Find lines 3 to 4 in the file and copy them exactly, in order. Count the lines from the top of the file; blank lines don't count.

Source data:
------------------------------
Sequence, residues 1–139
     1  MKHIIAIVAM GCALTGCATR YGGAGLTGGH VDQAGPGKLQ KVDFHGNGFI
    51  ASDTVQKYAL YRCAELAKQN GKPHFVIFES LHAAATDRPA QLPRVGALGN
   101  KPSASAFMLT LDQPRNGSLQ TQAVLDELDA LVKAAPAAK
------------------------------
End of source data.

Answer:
    51  ASDTVQKYAL YRCAELAKQN GKPHFVIFES LHAAATDRPA QLPRVGALGN
   101  KPSASAFMLT LDQPRNGSLQ TQAVLDELDA LVKAAPAAK